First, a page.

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Country legend Charlie Louvin tells the story of his life, and his hell-raising brother

Satan Is Real
The Ballad of the Louvin Brothers
By Charlie Louvin, with Benjamin Whitmer

For a country duo that got its start doing ultra-pious gospel - singing about God and mother, faith, patriotism and honor -- the Louvin Brothers sure weren’t saints. That was particularly true of the mandolin-playing and high-harmony-singing Ira, a serious womanizer and a major-league booze hound. He was known to smash shit, too. That’s the picture you get from Charlie Louvin’s new memoir Satan Is Real. The memoir, which was completed (with the help of writer Benjamin Whitmer)  just months before Charlie Louvin’s January 2011 death at the age of 83, is a breeze to read, divided as it is into bite-size chapters that range from the duo’s rustic roots in Sand Mountain, Alabama, through their struggles breaking into the Nashville-centric country-music business, and the brothers’ subsequent falling out, just prior to Ira’s death, in a car wreck in 1965.

The Louvin Brothers were incredibly influential, and they remain so -- inspiring everyone from Elvis to Johnny Cash and, perhaps most notably, Gram Parsons, of the Byrds and the Flying Burrito Brothers, who in turn helped introduce the Louvins to a whole new generation of listeners and players like Emmylou Harris, Will Oldham, Jay Farrar and others. The brothers sang air-tight harmonies, with their paired vocals being both stark in an old-time way, yet velvety and acrobatic, sometimes stratospheric. In the late ‘50s and early ‘60s the Louvin Brothers mapped out a path extending from traditional mountain music to the dreamy pop harmonies that bands like the Beach Boys would eventually perfect. They always said their singing took much of its character from Sacred Harp choral singing, which is a kind of shape-note hymn singing with its own distinctive performance style and repertoire. And the Louvins represent the pinnacle of a whole line of brother duo acts that included the Delmore Brothers and the Blue Sky Boys, going on to influence later acts like the Everly Brothers.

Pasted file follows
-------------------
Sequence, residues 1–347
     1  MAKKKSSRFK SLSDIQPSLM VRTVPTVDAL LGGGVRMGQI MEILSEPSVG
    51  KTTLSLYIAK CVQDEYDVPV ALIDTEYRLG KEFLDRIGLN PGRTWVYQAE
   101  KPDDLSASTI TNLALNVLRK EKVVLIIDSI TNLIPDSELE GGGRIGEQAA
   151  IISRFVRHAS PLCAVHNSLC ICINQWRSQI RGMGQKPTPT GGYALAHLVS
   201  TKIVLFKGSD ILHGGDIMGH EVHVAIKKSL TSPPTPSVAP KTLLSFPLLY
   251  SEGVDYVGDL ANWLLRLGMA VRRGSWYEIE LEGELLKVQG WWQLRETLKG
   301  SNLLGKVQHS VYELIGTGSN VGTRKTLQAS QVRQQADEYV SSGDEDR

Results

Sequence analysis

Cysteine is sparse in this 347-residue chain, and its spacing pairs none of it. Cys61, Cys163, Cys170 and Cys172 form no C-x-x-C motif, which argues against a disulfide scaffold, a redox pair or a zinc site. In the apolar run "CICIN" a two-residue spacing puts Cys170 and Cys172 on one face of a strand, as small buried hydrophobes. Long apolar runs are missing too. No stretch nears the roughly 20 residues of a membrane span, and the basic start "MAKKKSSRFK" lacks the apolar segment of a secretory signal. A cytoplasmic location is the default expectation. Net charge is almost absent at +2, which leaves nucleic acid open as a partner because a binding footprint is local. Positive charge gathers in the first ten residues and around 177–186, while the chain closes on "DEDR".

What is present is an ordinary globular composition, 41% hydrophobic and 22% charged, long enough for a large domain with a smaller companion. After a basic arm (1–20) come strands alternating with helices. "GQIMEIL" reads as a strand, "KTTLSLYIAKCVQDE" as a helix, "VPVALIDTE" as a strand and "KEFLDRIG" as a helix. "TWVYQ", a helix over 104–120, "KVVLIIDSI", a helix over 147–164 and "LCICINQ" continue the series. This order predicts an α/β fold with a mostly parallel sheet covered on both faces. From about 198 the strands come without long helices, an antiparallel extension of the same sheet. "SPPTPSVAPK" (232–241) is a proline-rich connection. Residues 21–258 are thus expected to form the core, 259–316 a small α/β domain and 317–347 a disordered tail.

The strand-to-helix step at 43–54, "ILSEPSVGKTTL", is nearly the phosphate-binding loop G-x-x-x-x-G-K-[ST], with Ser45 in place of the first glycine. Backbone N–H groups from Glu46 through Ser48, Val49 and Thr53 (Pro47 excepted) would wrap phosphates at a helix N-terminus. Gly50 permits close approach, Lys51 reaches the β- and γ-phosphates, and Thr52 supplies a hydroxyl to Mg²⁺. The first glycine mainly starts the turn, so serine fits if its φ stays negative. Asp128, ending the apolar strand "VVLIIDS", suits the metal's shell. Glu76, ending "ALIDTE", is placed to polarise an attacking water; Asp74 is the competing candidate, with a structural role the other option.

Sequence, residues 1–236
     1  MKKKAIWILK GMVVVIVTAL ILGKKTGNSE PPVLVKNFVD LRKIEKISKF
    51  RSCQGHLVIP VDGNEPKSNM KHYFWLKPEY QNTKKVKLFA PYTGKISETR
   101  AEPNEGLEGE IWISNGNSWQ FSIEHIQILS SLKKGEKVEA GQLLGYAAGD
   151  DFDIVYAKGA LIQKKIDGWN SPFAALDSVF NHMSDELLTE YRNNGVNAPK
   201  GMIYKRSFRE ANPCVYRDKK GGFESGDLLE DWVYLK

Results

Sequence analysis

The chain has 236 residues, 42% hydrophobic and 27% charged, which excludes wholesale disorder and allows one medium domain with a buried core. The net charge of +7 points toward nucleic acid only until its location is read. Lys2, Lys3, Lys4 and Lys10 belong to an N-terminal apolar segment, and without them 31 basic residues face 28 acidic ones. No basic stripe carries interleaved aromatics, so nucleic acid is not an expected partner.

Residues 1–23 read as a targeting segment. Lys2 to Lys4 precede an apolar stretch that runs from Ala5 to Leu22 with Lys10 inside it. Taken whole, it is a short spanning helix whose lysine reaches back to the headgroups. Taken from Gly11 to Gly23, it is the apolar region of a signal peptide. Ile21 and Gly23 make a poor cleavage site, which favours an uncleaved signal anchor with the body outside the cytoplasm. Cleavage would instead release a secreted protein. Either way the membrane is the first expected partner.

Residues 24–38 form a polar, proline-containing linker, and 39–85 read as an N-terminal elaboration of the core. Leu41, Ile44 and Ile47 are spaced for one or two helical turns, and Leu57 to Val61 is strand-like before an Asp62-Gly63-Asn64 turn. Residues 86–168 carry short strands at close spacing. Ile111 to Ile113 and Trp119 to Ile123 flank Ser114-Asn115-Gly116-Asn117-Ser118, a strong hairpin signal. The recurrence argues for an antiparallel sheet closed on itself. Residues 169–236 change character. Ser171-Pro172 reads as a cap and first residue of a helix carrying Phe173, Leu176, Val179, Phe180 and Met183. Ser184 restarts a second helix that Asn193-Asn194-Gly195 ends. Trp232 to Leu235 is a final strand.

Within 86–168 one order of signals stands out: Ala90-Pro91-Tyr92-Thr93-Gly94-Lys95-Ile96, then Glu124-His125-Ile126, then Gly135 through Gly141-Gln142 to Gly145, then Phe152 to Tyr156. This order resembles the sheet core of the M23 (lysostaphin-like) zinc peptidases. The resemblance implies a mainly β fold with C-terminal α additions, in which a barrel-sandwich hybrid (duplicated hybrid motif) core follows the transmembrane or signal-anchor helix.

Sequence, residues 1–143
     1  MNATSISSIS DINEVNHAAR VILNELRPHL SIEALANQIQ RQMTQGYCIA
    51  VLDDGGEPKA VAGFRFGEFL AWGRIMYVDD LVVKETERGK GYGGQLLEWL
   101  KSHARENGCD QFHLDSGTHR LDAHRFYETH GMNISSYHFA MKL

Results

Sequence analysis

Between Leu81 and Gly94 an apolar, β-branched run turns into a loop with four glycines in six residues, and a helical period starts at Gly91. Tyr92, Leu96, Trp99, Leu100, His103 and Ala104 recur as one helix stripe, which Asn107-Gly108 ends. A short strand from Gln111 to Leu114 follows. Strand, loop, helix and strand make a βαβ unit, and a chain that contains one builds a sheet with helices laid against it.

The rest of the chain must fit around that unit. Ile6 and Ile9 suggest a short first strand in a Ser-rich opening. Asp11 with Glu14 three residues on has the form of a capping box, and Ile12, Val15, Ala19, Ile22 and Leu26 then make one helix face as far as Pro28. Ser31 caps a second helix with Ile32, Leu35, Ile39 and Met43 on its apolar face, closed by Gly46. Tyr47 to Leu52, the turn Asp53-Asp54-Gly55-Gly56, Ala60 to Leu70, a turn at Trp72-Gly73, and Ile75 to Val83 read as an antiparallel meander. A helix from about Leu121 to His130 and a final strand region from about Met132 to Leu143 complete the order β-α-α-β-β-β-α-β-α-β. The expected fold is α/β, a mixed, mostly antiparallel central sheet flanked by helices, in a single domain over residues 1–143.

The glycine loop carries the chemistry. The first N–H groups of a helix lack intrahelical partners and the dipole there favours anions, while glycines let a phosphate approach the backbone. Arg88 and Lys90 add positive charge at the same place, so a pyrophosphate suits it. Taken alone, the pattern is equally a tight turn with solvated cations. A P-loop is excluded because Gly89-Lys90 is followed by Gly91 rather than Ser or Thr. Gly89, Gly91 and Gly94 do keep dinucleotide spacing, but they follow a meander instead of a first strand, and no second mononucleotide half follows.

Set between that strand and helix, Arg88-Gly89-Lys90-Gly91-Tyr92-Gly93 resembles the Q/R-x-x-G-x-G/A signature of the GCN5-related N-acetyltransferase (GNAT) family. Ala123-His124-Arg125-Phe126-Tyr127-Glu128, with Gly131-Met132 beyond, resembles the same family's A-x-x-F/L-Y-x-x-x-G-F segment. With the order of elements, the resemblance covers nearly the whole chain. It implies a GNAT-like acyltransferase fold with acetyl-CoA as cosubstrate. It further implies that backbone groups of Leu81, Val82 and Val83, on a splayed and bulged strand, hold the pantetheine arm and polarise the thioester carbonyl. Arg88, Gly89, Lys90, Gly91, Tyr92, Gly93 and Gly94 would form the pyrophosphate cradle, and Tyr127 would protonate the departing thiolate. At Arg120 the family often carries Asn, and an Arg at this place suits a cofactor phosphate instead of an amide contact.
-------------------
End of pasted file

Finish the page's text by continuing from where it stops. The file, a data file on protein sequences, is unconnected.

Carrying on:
As Charlie tells it, the Louvins had a rough upbringing, picking cotton until their hands bled and their backs hurt, and cowering from a father who could be frighteningly violent, beating Ira (who seemed to get the most abuse) with “a chunk of firewood, a piece of furniture, whatever.” And the language is pretty raw. “Just a little fuck up could get you beat black and blue,” writes Charlie. The brothers inherited the fighting gene, too. The book begins with Charlie opening a can of whoop-ass on Ira after Ira called their mom a bitch. “I can guarantee you the fucking fight was on then,” he writes. “I beat the shit out of him right there in the front yard.”

So much for brotherly love.